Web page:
For an article titled “How Air Pollution is Impacting Our Kids and What We Can Do About It” written by Kara Corridan for Parents magazine, Moms Clean Air Force’s senior director and cofounder, Dominique Browning discusses why air pollution is serious problem for children and what steps parents can take to improve the air their children breathe.
Please enjoy this excerpt and read the full article HERE:
Fortunately, all of us can take steps to reduce air pollution. “Most of the steps are ‘small but meaningful,’” says Dominique Browning, senior director and cofounder of the advocacy group Moms Clean Air Force. “But if everyone did them, it would make a big difference in improving air quality and reducing carbon emissions.”
What You Can Do
Lay Off The Gas Pedal
- Don’t idle—in your garage, in a parking lot, or on the car line at school. “There should be an infrared camera showing what’s spewing out of a tailpipe when a car is idling—especially in summer when it’s hot and emissions contribute to the formation of smog,” says Browning. Of course, there are times when you have no choice, such as when you’re in slow traffic or on a cold day when you need to run your car to defrost your windows. But otherwise, if you’re stopped for 10 seconds or longer, turn off the engine.
- Instead of taking multiple car trips to run errands, combine as many trips into one as you can so that you reduce emissions. “I can’t tell you how many parents—even ones whose children have asthma—don’t realize that one of the biggest sources of air pollution could be their car,” says Dr. Bernstein.
Consider Your Home
- Have an HVAC specialist confirm that your home is properly ventilated , especially if you have a gas cooktop, a woodburning stove, or a fireplace, and that your furnace doesn’t leak any gases.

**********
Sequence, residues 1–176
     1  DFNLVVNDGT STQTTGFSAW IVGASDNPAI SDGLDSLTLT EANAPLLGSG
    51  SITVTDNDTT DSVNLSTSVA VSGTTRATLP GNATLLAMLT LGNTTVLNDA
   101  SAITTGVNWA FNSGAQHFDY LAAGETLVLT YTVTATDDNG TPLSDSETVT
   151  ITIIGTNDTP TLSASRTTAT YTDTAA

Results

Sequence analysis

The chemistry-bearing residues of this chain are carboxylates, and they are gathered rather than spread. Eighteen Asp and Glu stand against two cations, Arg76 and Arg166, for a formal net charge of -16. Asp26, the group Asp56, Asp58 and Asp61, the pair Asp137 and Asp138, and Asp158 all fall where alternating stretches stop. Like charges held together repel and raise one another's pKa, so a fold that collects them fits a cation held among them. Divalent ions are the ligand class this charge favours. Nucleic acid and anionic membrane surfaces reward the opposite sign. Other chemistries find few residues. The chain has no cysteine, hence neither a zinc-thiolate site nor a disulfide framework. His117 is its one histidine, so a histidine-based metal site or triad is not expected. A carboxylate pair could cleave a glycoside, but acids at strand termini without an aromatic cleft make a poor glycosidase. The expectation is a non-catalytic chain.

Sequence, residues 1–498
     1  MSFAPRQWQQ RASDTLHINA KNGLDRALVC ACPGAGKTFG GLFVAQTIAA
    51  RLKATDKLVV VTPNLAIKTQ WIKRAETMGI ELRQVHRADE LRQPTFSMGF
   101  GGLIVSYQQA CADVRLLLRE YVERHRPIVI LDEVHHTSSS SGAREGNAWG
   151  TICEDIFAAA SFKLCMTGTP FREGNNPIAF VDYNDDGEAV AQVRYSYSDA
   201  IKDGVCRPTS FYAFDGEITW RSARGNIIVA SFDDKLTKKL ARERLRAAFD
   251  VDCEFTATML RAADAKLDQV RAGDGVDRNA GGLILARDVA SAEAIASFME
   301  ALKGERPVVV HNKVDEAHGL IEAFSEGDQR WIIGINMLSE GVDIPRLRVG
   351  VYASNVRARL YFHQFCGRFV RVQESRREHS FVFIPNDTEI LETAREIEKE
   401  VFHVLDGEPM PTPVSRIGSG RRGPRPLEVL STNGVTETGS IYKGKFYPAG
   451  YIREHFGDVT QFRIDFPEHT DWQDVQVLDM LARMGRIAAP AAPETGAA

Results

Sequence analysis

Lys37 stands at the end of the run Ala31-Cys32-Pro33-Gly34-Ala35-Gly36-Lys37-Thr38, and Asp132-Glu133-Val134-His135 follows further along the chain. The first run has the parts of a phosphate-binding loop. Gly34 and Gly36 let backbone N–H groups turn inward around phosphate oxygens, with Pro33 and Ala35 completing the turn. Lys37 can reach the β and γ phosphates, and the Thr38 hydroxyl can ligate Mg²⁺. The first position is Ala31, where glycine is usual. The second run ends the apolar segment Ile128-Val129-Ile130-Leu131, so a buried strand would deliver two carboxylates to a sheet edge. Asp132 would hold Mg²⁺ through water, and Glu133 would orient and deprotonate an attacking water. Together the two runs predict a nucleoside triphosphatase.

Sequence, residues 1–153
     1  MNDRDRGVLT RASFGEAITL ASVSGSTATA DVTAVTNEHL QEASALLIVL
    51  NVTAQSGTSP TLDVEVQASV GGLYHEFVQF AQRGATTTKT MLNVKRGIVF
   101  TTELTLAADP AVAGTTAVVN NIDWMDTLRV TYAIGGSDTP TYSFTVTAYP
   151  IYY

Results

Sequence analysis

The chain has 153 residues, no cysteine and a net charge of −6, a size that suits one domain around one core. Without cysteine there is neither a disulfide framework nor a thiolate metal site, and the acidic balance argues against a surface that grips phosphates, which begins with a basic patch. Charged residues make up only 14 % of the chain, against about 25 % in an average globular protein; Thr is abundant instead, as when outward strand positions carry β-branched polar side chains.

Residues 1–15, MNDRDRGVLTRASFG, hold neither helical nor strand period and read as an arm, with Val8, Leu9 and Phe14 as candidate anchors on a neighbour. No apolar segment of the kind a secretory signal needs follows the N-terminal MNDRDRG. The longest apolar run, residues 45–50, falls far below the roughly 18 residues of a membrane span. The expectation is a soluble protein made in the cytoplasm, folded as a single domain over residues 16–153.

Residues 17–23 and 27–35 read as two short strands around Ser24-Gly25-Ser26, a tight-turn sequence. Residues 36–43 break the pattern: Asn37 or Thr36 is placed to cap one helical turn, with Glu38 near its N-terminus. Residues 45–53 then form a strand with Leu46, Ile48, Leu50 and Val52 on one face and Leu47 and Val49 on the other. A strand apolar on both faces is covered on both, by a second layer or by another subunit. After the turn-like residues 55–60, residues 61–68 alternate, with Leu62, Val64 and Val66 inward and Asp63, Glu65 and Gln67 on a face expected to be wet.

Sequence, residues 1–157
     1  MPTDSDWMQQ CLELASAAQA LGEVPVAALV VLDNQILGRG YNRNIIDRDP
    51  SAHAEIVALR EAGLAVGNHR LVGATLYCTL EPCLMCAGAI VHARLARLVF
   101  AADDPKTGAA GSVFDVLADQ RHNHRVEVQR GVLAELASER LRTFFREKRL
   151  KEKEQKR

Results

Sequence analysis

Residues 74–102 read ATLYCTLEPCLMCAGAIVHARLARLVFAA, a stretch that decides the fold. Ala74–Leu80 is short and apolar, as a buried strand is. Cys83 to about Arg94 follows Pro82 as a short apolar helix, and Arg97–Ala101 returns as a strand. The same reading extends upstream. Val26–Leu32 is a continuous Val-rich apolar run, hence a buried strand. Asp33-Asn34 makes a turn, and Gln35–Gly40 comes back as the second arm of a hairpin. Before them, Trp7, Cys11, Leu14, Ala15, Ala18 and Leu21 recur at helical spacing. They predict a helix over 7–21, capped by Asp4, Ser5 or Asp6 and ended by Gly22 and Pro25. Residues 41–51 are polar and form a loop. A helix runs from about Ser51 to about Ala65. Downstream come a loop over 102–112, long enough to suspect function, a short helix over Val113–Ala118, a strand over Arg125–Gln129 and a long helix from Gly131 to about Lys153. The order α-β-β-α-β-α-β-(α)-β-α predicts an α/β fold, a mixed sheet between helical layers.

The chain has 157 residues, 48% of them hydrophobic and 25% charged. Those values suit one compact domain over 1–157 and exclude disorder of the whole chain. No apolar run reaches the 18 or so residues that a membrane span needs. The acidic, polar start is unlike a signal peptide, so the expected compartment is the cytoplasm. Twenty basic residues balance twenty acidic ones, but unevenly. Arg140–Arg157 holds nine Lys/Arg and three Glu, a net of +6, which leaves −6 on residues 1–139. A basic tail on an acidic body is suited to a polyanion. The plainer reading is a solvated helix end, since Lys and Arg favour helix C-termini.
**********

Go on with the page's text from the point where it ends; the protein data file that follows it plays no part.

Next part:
- Regularly check the air filter on your furnace, and change it when it’s dirty.
- Tell your energy supplier that you want to buy renewable energy (such as wind or solar power). Your home won’t necessarily be powered through those sources, but the company will have to purchase a percentage of your power through them. Some companies charge a small monthly fee for this service, but you’ll reduce your carbon footprint without making any drastic changes.
Cut Back On Pollutants
- Test your home for radon, the second leading cause of lung cancer, and install radon-mitigation equipment if needed.
- Take natural steps to control pests so you don’t have to use chemical-heavy pest-management solutions.
- Give new paint, furniture, carpet, and fabric the sniff test before you buy them. If there’s a heavy chemical smell, the product is likely high in volatile organic compounds (VOCs).
- Avoid products that are enhanced with chemical fragrances, especially cleaning products, candles, air fresheners, and plug-in scents.
- Dial down your food waste. Food is the biggest component of solid waste in landfills, where it releases methane. Consider composting, which will save water and landfill space.
Speak Up In Your Community
- Ask your child’s school to use cleaning products that are certified and labeled as environmentally preferable.
- Ask local officials what they know about air pollution and what they’re doing to combat it.
- Write postcards to your elected representatives—and consider making it a monthly family activity—saying you’d like them to support environment-first legislation, such as bills that reduce air pollution and support green energy. You can also join the Moms Clean Air Force or the ALA’s Lung Action Network, both of which will alert you about legislation in your state that needs support.